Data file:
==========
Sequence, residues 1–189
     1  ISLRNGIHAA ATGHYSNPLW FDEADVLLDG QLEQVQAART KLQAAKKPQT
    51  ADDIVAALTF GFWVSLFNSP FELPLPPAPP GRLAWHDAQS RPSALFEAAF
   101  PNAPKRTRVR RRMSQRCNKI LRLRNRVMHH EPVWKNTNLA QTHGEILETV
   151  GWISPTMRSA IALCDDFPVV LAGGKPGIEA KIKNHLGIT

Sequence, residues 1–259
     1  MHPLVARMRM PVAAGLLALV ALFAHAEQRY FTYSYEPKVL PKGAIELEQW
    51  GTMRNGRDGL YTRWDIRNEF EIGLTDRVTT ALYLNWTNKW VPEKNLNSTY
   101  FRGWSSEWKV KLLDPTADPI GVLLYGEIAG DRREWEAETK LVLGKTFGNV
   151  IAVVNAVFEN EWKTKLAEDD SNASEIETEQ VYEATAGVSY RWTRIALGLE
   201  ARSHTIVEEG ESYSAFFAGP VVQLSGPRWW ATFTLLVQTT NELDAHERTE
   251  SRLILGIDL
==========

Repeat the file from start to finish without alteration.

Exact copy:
Sequence, residues 1–189
     1  ISLRNGIHAA ATGHYSNPLW FDEADVLLDG QLEQVQAART KLQAAKKPQT
    51  ADDIVAALTF GFWVSLFNSP FELPLPPAPP GRLAWHDAQS RPSALFEAAF
   101  PNAPKRTRVR RRMSQRCNKI LRLRNRVMHH EPVWKNTNLA QTHGEILETV
   151  GWISPTMRSA IALCDDFPVV LAGGKPGIEA KIKNHLGIT

Sequence, residues 1–259
     1  MHPLVARMRM PVAAGLLALV ALFAHAEQRY FTYSYEPKVL PKGAIELEQW
    51  GTMRNGRDGL YTRWDIRNEF EIGLTDRVTT ALYLNWTNKW VPEKNLNSTY
   101  FRGWSSEWKV KLLDPTADPI GVLLYGEIAG DRREWEAETK LVLGKTFGNV
   151  IAVVNAVFEN EWKTKLAEDD SNASEIETEQ VYEATAGVSY RWTRIALGLE
   201  ARSHTIVEEG ESYSAFFAGP VVQLSGPRWW ATFTLLVQTT NELDAHERTE
   251  SRLILGIDL